Labor Laws in the Trucking Industry

By Janise Smith
Truck drivers' work hours are regulated by the government for their safety,

truck image by timur1970 from Fotolia.com

Truck drivers are responsible for picking up products and/or packages and transporting them to local destinations as well as across the country. Drivers that have to make long-distance trips usually drive for several hours or days straight in order to meet delivery deadlines. They may spend many hours alone and days away from their homes and families while performing this sometimes exhausting work. The U.S. Department of Transportation has instituted labor laws for the trucking industry that regulates truck drivers' hours on duty.

11-Hour Driving Limit Law

The Federal Motor Carrier Association, a division of the Department of Transportation, created driving regulations for the trucking industry after performing a scientific review on fatigue research. They saw that it was necessary to ensure the safety of truck drivers by creating labor laws that required them to get necessary rest. Truck drivers may drive no more than eleven hours in a work day and must have at least ten straight hours of rest, or off-duty, before they can get behind the wheel again. The driver can still be on duty after eleven hours of driving but they can only perform work duties that do not require driving.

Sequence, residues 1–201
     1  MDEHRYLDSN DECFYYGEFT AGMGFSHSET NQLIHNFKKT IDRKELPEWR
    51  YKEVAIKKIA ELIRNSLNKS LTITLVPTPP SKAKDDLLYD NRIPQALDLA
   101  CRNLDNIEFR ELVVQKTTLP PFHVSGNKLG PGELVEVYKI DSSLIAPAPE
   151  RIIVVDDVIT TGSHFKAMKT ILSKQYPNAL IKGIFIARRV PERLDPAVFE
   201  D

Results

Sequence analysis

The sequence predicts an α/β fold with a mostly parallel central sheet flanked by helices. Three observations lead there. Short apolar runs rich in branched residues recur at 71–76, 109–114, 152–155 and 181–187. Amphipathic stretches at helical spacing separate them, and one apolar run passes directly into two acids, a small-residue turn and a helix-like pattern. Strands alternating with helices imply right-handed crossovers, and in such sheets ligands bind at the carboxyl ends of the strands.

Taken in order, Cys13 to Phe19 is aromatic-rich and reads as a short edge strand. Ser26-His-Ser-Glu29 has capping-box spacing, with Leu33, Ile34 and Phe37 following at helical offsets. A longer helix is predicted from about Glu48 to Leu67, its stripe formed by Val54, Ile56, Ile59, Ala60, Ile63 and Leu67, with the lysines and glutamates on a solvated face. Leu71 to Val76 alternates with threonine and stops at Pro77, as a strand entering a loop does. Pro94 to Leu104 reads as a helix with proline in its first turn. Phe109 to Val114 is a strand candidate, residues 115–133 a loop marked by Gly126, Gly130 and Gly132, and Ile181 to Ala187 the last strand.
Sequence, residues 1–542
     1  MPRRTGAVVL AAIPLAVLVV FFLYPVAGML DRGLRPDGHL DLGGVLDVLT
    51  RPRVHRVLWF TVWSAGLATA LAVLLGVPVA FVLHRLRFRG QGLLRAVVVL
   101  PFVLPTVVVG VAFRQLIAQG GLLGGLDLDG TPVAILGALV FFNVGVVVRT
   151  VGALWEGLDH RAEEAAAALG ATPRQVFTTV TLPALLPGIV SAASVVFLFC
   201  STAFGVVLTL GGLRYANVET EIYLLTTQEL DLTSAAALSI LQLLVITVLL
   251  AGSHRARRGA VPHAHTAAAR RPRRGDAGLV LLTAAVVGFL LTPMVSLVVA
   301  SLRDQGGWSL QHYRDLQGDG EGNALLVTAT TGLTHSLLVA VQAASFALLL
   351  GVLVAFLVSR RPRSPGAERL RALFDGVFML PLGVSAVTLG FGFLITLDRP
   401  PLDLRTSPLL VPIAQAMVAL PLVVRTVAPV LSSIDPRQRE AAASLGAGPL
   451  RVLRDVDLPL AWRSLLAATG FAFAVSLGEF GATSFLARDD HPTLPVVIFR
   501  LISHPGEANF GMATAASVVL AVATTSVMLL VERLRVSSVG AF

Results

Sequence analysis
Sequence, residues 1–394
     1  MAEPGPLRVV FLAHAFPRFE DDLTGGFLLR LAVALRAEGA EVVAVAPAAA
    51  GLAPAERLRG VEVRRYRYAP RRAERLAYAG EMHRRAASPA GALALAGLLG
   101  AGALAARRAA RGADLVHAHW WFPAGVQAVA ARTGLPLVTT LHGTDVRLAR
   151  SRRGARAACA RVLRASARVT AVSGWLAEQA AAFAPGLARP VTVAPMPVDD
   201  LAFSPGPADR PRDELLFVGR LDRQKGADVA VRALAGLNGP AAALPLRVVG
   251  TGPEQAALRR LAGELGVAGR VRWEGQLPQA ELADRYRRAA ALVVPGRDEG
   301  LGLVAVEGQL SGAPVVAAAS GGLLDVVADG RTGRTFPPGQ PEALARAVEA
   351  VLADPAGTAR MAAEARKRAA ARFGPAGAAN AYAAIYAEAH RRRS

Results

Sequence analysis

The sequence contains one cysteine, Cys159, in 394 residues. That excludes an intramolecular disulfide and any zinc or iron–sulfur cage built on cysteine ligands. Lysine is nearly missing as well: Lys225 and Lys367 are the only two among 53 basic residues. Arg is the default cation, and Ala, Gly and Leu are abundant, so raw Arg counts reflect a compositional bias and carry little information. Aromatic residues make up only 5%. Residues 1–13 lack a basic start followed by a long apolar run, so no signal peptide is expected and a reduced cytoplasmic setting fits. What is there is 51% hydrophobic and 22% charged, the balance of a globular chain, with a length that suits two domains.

14-Hour Duty Limit Law

The labor laws also mandate the maximum number of hours worked in a period of time for the trucking industry. While you can drive up to eleven hours before you are required to stop, you can only work for a total of 14 consecutive hours at a time including performing any duties outside of truck. Any breaks you take are factored into the fourteen hours, but if you drive a truck with a sleeper berth you may be able to sleep for enough hours to extend the 14-hour limit. Just as with the 11-hour driving labor laws, you have to wait for at least 10 hours before you can return to work after putting in 14 hours.

60/70 Hour Duty Limit Law

The FMCA labor laws restrict the number of hours that truck drivers can work within a seven or eight day period. Depending on how many days your employer requires their trucks to be on the road, you may have to follow the 60 hour/7 day schedule or the 70 hour/8 day schedule. For example, if you only drive on certain days of the week you can drive a maximum of 60 hours within seven days. If the company you work for requires that trucks are driven every day, you may drive up to 70 hours within an eight day period. The labor laws also state that once you complete a 60 or 70 hour work cycle, you have to wait at least 34 hours before you can begin driving your truck again.

About the Author

Janise Smith began freelance writing in 2009. She has published poetry, short fiction and various articles, with her works appearing in "Metropolitan Woman" and the "Detroit Free Press." She earned a Bachelor of Arts in written communications with an emphasis on journalism, creative and technical writing from Eastern Michigan University.

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